On March 6th, I published a research article highlighting the impact of COVID-19 on tech supply chains.
Since then, many businesses have taken active steps to repair their current supply chains as well as prepare them in case another major disruption occurs. They have efficiently reevaluated the situation and altered their global supply chains to more proactively approach risk management in the future.
COVID-19 exposes supply chain issues in China
Over the last decade, China has increasingly become the source of most businesses' supply chains. In fact, according to a report on the virus’s business impact, 51,000 companies around the world have one or more direct suppliers in Wuhan, a city in China and at least 5 million companies have one or more tier 2 suppliers in the same region.
|However, over the last couple of years, some additional developments have been instrumental in leading businesses to diversify their supply chains with manufacturing sources outside of China.|
In addition to the reasons above, the impact of COVID-19 may have been the most effective and immediate force that is leading companies to rethink their supply chain strategies and seriously reconsider additional supply chain sourcing outside of China. In fact, according to a PwC survey of U.S. Fortune 1000 companies, 42% told the auditing firm their supply chains would likely broaden as a result of the coronavirus crisis.
|Related: How to Choose the Best Supply Chain Software for Your Business →|
Businesses are diversifying their supply chains outside of China
Perhaps the biggest takeaway from supply chain disruptions during the COVID-19 pandemic is that diversification does not mean businesses are willing to abandon China entirely. While it was expected that the coronavirus pandemic would push supply chains outside of China, it seems that many companies are more likely to diversify rather than focus all their supply chain sourcing in one country.
As stated above, 42% of companies would likely broaden their supply chains, but another 52% stated that it was too soon to tell if the pandemic would shift their long-term China strategy. This may include companies that have already begun to expand their supply chain networks and diversify outside of China. The more likely scenario would be supplementing supply chain sourcing from China with a few other countries that can provide businesses with a safety net of sorts. This way if disruptions occur in China, businesses can rely on getting production out of other countries as well.
As much as President Donald Trump would like to have businesses shift production back to the United States, companies are more likely to move to countries that have the potential to provide a wider range of unskilled labor—such as countries in Asia or Central America. On April 21st, tech giant Facebook invested $5.7 billion on India’s largest telecom company, Reliance Jio. This investment immediately catapulted Reliance Jio to become the fifth most valued company in India.
Additionally, global tech company Apple has begun to move some production activities to Vietnam and India in hopes of quelling many of the supply chain disruptions currently happening in China. Even more interesting perhaps is that of the $31 billion in U.S imports that shifted away from China, around 46% was absorbed by Vietnam.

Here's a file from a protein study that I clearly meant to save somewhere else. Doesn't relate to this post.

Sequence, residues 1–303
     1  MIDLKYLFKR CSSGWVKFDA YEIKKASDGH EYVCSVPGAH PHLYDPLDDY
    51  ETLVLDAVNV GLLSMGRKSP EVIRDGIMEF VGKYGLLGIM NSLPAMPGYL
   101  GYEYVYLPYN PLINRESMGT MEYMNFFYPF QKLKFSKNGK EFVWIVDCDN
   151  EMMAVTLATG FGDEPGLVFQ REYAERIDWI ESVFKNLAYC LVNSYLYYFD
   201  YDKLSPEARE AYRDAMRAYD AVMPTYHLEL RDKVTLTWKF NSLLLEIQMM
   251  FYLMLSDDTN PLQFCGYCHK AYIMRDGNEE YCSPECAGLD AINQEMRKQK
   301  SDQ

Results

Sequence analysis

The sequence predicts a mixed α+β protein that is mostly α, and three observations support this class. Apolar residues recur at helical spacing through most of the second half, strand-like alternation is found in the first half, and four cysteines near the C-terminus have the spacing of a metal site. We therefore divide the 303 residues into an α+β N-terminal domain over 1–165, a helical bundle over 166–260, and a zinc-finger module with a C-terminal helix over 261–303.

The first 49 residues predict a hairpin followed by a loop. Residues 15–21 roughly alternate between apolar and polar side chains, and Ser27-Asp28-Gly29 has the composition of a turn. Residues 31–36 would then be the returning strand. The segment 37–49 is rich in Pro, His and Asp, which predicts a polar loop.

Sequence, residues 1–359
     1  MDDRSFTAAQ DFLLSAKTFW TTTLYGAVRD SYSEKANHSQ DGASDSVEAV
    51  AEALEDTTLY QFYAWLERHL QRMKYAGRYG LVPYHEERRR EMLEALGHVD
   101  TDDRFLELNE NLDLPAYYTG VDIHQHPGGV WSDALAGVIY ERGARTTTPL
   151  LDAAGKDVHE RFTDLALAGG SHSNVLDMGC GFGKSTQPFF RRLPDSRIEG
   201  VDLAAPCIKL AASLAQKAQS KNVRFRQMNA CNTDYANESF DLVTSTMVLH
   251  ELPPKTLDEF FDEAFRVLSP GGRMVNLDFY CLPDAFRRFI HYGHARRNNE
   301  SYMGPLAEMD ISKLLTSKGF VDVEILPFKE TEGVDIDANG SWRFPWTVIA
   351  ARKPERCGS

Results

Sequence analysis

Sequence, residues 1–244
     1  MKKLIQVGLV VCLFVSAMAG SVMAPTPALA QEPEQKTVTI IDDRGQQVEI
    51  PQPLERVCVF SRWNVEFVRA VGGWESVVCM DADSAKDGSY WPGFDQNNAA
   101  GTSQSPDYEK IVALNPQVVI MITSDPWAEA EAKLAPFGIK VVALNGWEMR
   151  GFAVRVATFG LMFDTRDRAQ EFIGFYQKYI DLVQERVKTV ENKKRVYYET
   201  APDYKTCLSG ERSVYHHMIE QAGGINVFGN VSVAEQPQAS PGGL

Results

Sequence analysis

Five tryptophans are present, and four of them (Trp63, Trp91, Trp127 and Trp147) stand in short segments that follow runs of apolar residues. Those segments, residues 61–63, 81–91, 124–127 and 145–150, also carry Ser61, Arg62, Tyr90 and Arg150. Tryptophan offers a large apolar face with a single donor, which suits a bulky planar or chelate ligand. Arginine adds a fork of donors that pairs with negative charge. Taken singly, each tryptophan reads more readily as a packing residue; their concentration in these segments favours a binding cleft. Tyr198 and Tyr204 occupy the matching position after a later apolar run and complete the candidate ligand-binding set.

It is now more evident than ever that businesses are truly starting to diversify where they source their supply chains.
Supply chain visibility is helping companies during COVID-19
While many businesses have been reassessing their supply chain plans to more actively manage the risks, some other companies have just the opposite problem.
Companies such as Do it Best Corp., a hardware supplier, are seeing massive upticks in orders due to the demand for home improvement and cleaning products. The company has seen a 32% increase in warehouse sales since last year alone. Although this massive uptick in sales is a result of the pandemic, the company still needed to alter its supply chain to meet the growing customer demand. They set up a supply chain visibility software that connects freight shippers, carriers, and receivers. The software uses sensors to track the locations of trucks used for shipping and give updated delivery times to member stores. This allows businesses to have more visibility over essential shipments such as medical supplies. They can then communicate to hospitals exactly where their shipments are.
G2 data shows traffic to the supply chain visibility category has increased over 24% over the last 90 days
Not only does this allow for more effective communication but it also makes space for effective analytics. With supply chain visibility efficiently providing constant updates on the whereabouts of shipments, businesses can now track when, where, and how shipments are being held up. This allows them to make better decisions on how they can possibly alter their shipment strategies to make their supply chains and logistics more efficient.
Businesses will continue to use software to manage their supply chains during this pandemic
Whether businesses are adapting to deal with supply chain disruptions abroad or are suddenly seeing a spike in orders, the one thing that remains constant is all the ways technology and software can help aid businesses in managing their supply chains. Some useful supply chain management software has been instrumental in helping businesses shift and alter their supply chains during the COVID-19 pandemic.